Originally Posted by Smitty
The Octaine rating of a fuel has nothing to do with cleaning an engine, nor is it going to make your engine last longer. There is absolutely no benefit of running a higher octaine than an engine is designed for unless it has been modified in some way. Just because it costs more doesn't mean it is better.
Smitty is on the right track...
93/91 octane fuel doesn't do anything to "clean" your engine. Detergents are added to fuels to clean them. A fuel with a higher octane rating is actually "harder to burn or ignite" under compression. You may get a little more performance from a higher octane fuel if the timing is retarded allowing for more compression before the fuel is ignited by the spark plug. Using a low octane fuel in a high compression/high horsepower engine will lead to pre-detonation or "spark knock" because lower octane fuel ignites much easier.
I'm not sure if the computer in the Ram will retard the timing for higher/lower octane fuels automatically. If it does, the difference will probably be negligable unless your running at the track and using timing devices. Probably why we see the programmers like the Predator used with success.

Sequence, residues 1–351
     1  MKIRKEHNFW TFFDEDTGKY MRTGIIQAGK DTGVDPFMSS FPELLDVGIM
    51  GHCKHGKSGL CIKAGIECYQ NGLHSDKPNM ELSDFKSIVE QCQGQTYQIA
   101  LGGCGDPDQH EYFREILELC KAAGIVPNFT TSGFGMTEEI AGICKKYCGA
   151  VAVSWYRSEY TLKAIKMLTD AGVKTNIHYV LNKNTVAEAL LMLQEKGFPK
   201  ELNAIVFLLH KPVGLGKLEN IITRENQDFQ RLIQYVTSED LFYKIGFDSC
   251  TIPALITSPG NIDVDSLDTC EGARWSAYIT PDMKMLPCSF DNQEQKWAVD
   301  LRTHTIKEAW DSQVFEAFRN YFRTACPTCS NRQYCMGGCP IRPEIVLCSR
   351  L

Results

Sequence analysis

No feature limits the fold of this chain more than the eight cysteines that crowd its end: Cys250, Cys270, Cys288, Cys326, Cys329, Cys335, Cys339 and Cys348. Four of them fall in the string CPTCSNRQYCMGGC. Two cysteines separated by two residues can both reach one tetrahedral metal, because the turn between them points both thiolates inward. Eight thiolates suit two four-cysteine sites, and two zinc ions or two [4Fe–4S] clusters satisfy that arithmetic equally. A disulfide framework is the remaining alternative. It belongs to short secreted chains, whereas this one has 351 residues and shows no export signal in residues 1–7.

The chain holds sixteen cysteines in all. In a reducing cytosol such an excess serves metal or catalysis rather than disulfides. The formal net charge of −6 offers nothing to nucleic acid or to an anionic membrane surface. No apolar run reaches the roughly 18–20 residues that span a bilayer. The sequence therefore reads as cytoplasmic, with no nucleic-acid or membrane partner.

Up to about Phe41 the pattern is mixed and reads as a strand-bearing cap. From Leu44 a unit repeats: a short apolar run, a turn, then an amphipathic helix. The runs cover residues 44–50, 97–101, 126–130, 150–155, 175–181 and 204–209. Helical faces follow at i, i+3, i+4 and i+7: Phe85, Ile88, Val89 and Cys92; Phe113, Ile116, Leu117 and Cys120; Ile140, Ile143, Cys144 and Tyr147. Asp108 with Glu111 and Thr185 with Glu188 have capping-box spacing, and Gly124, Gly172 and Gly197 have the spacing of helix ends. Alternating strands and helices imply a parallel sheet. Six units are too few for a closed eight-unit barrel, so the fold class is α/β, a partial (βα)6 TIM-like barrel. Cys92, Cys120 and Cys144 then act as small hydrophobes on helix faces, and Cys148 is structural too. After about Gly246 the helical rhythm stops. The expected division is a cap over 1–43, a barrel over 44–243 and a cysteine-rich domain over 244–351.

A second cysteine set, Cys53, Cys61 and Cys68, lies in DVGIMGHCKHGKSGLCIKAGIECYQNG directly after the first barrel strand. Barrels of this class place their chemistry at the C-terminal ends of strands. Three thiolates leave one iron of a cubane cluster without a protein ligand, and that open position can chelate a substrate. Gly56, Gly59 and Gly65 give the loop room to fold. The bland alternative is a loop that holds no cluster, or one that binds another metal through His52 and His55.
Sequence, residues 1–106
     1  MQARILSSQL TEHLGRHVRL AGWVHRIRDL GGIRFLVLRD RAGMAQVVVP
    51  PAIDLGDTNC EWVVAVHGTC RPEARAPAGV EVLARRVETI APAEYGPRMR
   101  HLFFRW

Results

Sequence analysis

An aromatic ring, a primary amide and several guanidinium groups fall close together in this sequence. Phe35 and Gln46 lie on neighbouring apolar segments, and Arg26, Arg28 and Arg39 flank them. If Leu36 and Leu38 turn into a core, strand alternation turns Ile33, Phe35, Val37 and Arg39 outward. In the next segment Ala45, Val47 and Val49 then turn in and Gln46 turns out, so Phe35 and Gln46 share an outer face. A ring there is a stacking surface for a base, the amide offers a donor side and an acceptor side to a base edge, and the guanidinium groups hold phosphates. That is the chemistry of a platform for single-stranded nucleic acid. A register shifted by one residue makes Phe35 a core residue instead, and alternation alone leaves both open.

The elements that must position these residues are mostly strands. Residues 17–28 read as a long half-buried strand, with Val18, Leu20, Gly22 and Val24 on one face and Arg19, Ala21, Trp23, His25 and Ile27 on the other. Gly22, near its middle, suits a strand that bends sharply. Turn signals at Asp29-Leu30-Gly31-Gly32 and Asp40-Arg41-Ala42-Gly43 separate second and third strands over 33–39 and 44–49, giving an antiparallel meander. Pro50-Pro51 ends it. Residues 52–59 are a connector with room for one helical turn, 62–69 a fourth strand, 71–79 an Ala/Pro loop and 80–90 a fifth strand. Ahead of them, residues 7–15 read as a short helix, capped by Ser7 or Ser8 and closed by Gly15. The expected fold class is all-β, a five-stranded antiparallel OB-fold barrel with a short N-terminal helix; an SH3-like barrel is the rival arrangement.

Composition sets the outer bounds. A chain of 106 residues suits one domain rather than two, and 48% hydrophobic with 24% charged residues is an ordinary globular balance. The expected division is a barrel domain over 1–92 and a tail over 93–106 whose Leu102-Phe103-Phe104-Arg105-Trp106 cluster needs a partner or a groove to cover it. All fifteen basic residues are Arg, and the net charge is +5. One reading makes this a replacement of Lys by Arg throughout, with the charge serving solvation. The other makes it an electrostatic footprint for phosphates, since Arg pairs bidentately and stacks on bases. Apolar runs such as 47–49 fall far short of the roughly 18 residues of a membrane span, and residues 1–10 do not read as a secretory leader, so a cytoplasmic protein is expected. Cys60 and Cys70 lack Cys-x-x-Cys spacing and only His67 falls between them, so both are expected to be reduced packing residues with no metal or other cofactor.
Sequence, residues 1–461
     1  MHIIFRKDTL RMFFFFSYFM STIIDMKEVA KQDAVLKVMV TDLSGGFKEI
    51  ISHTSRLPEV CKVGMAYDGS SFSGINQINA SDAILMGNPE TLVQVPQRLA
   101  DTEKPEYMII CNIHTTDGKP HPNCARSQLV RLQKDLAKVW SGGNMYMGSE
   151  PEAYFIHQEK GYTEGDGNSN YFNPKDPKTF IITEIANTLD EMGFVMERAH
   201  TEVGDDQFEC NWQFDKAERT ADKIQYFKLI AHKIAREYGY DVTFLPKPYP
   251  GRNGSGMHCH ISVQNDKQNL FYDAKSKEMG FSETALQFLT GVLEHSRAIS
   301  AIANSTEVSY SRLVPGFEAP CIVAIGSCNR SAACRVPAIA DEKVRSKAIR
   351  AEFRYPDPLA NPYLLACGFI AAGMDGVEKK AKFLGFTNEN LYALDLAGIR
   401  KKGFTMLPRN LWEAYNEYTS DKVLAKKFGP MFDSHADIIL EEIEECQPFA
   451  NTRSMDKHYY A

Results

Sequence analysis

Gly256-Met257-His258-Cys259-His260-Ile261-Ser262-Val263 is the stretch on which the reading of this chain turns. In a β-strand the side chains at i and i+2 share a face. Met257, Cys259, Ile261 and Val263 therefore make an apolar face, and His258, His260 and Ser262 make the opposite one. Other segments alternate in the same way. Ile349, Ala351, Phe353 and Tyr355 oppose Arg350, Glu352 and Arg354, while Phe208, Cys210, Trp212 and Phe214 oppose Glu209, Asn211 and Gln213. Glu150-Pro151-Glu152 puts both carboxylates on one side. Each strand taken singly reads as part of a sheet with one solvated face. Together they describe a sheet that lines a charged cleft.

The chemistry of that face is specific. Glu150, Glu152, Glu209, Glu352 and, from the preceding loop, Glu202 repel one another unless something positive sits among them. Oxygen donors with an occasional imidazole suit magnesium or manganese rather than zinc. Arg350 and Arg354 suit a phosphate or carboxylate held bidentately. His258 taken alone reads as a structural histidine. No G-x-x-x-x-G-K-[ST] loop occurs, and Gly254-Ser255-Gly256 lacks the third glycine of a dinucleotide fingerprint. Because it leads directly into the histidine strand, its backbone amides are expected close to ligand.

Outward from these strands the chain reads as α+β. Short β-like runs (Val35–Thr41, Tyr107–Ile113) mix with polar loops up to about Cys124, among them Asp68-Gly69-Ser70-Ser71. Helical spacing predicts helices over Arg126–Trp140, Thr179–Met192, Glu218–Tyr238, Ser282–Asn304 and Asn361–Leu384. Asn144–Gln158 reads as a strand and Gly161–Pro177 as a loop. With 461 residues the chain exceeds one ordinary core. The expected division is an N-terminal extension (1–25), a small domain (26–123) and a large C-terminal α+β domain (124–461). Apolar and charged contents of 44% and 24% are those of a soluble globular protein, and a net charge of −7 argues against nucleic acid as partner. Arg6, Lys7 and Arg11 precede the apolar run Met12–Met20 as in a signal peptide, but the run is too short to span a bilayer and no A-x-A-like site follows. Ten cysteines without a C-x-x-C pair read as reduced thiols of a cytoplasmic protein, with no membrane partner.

The compression ratio of your Hemi engine determines the octane rating of the gas you should use your truck. One way to increase the horsepower of an engine of a given displacement is to increase its compression ratio. So a "high-performance engine" has a higher compression ratio and requires higher-octane fuel. My old Durango R/T required 93 octane fuel (printed on the gas cap). The advantage of a high compression ratio is that it gives your engine a higher horsepower rating for a given engine weight. The disadvantage is that the higher octane gasoline for your engine usually costs more.
Octane is a product of the refining process. When you take crude oil and refine it, you end up getting hydrocarbon chains of different lengths. These different chain lengths can then be separated from each other and blended to form different fuels.
Octane handles compression very well -- you can compress it a lot and nothing happens. Eighty-seven-octane gasoline is gasoline that contains 87% octane and 13% heptane (or some other combination of fuels that has the same performance of the 87/13 combination of octane/heptane). It spontaneously ignites at a given compression level, and should only be used in engines that do not exceed that compression ratio. Ninety-three-octane is 93% octane and 7% heptane (or other hydrocarbon) making it suitable for high horsepower engines because it won't ignite as easily under compression.
Dodge has the recommended fuel rating for a reason. Running 87 octane fuel probably won't cause detonation or spark knock (I've done it a few times with no problems). Just remember the computer is optimized for 89 octane fuel because of the compression ratio in the Hemi engine.
Just my 2 cents...